It is a quintessentially American holiday. Perhaps of Celtic origin, or Hispanic, or Latinate, or Germanic or just invented by the candy companies, it has grown in popularity and taken over other areas of the world as an expanding meme. Perhaps this of all holidays in the United States is the one with the least amount of controversy, the least offensive to special interests, outside of course to those devoutly religious, and even they seem to turn a blind eye.
When I was young, a hundred years ago or so, Halloween was a holiday that children (and gay men) started preparing for as soon as there was a tinge of colour in the trees. That has not changed, although the commercialization has become more intense. Then, when the air took on that autumnal odor of plants exhaling for the last time and the yet to moulder leaves were still damp and mostly still attached to the trees, before the clocks were set back, we would start planning our costumes, the route we would take, what our sack would look like, and all details. Then, started the nightmares. Halloween nightmares, each one the same.
My in-my-dream child me would be in some location of fantastic proportions. A part of town I had never seen. How did I get here? Why was I here, who were these people? I needed to get home at once. I needed my costume. I was missing Halloween. I fumbled with my mask, I looked at the time, and I was late, I looked at the calendar, how did I sleep until November 1st? And then, I would wake up and look at the calendar (kids, ask a parent what a paper calendar was and how it worked), and count to make sure that I hadn’t experienced some time warp. I find talking to people, that this is a common childhood nightmare and one never repeated for Christmastide, despite the wealth and diversity of material goods provided upon that latter and more Holy Day.
In those days people raked leafs and into piles, children jumped into those piles, then old men with hair in their ears burned the piles. Children ran free in those days and we trick-or-treated in clusters and packs with parents often far behind or not present at all. Then, there was the Tylenol Scare(TM), the Devilworshipingdaycarecenterdirectors, and 1800LAWYERS and before we knew it we were tethered to a parent/caregiver/guardian/warden and candy was inspected for pins, heroin, razor blades (the disposable razor was yet to really take off), pills, candy with little pin holes in the wrapper, homemade candy that contained nuts, pop rocks and soda, and all manner of danger. Halloween became, as I exited childhood, full of curfews and was made organized and regulated as all children’s actives have become in this American life. I was glad to have lived during what I considered the waning Golden Age of Trick-or-Treating.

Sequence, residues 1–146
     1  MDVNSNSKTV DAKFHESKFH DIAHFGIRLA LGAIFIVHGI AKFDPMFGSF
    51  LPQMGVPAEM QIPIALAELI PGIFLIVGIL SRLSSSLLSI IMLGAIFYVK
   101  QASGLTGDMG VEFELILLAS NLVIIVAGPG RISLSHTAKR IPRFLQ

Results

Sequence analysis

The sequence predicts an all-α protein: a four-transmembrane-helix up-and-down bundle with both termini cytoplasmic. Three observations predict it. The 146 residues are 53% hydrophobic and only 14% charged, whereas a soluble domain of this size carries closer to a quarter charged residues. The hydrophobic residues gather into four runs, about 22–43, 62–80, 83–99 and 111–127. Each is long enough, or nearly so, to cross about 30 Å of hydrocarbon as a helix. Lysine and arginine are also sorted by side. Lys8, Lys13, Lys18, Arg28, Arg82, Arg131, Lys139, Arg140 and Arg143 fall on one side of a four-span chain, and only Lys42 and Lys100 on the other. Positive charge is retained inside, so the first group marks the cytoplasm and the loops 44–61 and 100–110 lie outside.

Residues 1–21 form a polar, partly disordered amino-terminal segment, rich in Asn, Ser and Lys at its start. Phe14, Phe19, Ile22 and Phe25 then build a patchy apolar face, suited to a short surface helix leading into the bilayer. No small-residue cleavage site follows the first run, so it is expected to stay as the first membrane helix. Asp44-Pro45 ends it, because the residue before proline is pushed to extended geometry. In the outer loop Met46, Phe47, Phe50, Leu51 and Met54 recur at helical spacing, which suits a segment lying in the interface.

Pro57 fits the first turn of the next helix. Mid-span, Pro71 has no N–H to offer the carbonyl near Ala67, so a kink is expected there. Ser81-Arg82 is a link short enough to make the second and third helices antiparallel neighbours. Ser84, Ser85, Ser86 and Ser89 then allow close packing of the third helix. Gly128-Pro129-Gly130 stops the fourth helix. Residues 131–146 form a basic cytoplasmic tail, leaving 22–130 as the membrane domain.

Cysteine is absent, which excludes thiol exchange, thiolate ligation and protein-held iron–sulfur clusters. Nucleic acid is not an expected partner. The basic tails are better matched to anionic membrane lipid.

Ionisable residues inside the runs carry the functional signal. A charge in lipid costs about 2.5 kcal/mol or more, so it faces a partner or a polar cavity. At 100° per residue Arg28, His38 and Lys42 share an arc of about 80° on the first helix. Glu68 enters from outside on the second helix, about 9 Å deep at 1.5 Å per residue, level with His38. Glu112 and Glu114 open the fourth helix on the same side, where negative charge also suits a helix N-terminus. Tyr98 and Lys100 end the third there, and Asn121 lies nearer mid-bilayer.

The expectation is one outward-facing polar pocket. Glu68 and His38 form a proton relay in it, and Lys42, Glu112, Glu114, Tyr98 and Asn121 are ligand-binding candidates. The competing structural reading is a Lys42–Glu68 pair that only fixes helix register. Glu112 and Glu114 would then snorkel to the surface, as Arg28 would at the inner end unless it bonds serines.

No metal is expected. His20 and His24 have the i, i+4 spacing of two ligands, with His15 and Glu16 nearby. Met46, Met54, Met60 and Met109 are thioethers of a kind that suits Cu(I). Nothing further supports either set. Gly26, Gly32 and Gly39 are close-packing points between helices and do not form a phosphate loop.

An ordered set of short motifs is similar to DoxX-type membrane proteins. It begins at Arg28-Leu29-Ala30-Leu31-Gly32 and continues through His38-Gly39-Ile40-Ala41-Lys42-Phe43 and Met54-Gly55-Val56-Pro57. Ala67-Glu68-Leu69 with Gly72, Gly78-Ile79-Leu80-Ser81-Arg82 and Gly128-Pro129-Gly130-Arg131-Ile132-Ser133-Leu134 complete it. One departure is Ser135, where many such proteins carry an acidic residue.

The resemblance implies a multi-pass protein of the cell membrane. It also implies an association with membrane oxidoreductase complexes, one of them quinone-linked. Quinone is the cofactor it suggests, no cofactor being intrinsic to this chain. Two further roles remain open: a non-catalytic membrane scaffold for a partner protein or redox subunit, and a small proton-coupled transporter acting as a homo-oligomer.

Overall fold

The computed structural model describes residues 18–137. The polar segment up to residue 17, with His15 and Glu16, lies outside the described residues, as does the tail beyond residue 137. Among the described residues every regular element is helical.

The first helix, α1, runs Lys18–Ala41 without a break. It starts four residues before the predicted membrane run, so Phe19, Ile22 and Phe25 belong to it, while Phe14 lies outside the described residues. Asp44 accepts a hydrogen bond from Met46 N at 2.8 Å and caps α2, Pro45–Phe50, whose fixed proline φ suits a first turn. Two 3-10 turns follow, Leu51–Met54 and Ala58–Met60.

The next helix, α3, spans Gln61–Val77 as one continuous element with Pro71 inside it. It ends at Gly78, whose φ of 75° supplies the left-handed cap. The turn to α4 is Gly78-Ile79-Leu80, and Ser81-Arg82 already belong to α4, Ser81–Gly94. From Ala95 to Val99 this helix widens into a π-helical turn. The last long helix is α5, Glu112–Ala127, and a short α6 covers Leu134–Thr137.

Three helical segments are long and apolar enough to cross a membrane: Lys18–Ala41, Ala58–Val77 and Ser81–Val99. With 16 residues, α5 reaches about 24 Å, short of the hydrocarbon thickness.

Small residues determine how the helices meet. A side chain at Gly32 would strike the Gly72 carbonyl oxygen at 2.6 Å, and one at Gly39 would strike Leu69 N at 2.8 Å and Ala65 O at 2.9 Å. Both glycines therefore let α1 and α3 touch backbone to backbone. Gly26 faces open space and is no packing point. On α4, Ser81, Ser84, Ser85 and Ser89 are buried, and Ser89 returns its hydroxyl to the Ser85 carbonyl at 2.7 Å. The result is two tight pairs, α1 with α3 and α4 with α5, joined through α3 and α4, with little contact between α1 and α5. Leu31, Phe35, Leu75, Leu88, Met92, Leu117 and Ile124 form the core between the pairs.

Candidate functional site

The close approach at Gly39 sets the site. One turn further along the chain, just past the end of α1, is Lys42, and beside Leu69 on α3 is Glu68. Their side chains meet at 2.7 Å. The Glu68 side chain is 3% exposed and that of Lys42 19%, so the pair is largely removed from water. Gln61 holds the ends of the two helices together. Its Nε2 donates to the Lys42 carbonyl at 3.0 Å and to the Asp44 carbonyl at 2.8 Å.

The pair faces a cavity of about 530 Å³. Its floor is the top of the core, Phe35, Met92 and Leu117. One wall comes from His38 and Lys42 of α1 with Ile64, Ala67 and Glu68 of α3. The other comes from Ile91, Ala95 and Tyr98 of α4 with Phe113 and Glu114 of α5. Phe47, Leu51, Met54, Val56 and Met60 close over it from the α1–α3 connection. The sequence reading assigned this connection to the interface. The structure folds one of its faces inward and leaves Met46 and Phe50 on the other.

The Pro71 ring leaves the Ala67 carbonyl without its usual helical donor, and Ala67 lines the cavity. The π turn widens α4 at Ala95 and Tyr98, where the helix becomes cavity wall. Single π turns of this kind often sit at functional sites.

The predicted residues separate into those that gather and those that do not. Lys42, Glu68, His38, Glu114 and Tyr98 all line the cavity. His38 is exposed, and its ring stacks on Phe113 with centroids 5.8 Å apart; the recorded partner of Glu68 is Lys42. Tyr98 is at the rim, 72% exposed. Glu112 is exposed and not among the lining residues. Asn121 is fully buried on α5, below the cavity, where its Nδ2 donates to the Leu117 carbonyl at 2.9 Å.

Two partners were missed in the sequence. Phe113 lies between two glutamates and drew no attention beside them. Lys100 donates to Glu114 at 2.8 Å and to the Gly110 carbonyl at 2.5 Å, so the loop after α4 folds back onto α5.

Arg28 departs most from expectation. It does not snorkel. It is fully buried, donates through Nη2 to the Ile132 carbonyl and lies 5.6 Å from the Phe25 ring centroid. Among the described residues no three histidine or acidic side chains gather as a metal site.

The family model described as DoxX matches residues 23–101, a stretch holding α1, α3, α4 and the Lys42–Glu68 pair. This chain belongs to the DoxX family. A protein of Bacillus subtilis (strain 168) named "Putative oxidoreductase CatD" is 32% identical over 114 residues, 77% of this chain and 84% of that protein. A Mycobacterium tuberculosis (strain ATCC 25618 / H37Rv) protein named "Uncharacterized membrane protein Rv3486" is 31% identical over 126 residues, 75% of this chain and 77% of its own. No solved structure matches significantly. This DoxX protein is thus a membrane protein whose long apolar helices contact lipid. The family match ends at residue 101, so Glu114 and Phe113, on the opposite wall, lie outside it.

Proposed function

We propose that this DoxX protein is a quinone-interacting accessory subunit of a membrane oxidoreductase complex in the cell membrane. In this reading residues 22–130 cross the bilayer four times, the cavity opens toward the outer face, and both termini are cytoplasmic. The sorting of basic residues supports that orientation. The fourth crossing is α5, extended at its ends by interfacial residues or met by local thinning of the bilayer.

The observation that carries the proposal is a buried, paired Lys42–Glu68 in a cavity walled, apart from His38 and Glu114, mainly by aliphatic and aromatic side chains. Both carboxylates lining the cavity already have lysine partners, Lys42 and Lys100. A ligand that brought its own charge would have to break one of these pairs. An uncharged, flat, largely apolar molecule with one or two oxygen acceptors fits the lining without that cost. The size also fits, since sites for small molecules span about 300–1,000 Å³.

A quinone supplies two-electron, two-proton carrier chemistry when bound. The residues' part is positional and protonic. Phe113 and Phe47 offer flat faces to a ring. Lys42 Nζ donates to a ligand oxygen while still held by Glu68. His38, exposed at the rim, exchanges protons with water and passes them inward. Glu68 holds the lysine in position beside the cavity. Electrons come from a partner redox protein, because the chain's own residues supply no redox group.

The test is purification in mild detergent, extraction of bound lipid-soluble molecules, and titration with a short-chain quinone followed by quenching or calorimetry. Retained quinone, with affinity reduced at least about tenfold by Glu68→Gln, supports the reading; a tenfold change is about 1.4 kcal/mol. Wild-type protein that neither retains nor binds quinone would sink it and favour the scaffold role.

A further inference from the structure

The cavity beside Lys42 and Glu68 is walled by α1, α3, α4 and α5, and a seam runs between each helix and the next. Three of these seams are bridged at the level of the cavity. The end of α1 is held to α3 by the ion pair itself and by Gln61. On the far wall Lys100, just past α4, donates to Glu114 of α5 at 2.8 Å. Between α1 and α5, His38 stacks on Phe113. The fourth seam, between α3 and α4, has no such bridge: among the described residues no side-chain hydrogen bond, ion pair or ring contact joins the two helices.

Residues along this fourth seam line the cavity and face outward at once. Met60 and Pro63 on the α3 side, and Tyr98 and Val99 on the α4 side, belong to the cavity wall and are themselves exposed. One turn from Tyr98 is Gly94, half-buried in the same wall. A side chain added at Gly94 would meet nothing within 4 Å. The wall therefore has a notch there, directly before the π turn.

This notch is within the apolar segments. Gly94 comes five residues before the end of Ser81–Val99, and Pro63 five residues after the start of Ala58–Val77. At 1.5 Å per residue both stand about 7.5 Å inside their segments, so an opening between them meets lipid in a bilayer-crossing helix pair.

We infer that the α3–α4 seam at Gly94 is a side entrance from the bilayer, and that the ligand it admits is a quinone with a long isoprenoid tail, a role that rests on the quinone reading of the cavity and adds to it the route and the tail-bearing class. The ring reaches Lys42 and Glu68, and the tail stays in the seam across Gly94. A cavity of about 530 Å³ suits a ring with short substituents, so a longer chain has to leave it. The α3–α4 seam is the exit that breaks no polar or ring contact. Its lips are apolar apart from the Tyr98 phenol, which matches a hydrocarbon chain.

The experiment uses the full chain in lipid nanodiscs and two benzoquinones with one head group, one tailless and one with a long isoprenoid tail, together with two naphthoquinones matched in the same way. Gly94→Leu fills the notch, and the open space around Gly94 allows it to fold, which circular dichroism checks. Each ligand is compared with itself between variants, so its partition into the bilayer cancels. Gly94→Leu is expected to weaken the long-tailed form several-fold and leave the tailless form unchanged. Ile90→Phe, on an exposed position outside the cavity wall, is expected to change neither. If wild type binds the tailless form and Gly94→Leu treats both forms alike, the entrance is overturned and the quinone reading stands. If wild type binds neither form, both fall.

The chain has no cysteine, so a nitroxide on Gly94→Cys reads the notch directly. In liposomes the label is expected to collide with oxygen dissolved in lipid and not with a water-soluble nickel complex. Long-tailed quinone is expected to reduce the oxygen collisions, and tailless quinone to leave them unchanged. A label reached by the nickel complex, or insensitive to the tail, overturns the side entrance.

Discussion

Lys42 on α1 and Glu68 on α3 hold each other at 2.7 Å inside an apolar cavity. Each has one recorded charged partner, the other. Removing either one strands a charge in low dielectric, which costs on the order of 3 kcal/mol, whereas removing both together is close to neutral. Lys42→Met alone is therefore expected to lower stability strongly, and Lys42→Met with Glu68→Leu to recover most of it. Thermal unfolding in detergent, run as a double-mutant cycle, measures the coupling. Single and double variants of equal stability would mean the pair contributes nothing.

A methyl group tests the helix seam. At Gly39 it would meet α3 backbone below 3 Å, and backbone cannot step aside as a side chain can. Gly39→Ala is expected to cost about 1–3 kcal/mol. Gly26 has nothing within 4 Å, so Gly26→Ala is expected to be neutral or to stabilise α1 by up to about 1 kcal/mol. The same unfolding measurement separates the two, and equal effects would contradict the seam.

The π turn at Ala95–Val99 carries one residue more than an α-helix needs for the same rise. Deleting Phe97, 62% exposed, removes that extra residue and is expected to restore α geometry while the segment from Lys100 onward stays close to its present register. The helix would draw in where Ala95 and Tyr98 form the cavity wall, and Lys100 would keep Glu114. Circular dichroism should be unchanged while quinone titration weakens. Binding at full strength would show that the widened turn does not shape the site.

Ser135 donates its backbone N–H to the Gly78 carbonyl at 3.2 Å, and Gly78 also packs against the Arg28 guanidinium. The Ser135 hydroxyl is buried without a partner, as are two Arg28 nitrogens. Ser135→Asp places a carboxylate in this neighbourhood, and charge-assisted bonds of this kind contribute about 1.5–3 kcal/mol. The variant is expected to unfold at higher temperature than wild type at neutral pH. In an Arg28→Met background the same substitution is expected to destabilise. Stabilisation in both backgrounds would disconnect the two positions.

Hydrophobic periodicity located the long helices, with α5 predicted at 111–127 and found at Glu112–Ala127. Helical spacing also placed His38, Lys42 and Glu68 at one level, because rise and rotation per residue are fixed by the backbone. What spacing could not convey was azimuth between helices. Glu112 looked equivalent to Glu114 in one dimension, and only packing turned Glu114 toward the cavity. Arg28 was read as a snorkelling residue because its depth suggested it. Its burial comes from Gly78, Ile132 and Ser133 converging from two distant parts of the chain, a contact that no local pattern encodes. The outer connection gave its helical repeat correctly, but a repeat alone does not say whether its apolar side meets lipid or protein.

It took some time for Halloween to recover, but it did. The holiday expanded into the adult culture in a greater and greater way each year [this author presents no statistics to back up this claim]. By the time I went to College, the Halloween party had become a costume pageant and not just another beer blowout and as in childhood we planned our costumes and route and all other elements down to the minute, although I must admit I did not have the “I missed Halloween dream.”
It seems that centers of Halloween grew in the nation such as New York City, and the Halloween parade spilled out of the culture of Chelsea and The West Village and into Mainstreamamerica where other communities took on this expression albeit not matching the volume, madness, or intensity of the original. Other locations took on the parade and discouraged trick-or-treating as much as they could. The activity of going house to house in many places has become woven into a more formal affair of a parade or “trick-or-treat the merchants” usually one of the few times people are willing to visit their historic downtown or Main Street.
This guided activity that may still allow for a certain amount of mayhem, even if the police are in ample numbers and watching least citizens exceed the boundaries of an increasingly limited socially acceptable behavior. In time, this is a good thing since the eggs and toilet paper of the Teenagers was never a welcome aspect in my childhood and by the time I was a teen it was too dangerous, what with satanic child molesters the zero tolerance police, to engage in similar activities.
In the hamlet of Guitarville, a simple and storied collection of quaint structures aligned on a former stage run, the parade is situated about the Village Green. The many police of the village cordon off the road and mingle with the crowd as children of all ages run from treat merchant to treat merchant. As in Gotham, adults take up the costume call and since the village has a higher proportion of artists, many of these costumes are constructed with an inspired eye as they are executed with technical skill. During this event, the streets and lanes are lined with parked cars but absent any youth begging candy from the many shuttered doors as this practice has been long abolished and soon to be but a memory lost in the shuffling iTunes of so many millennial playlists.
Nature’s first green is gold,
Her hardest hue to hold.
Her early leafs a flower;
But only so an hour.
Then leaf subsides to leaf.
So Eden sank to grief,
So dawn goes down to day.
Nothing gold can stay. – Ferguson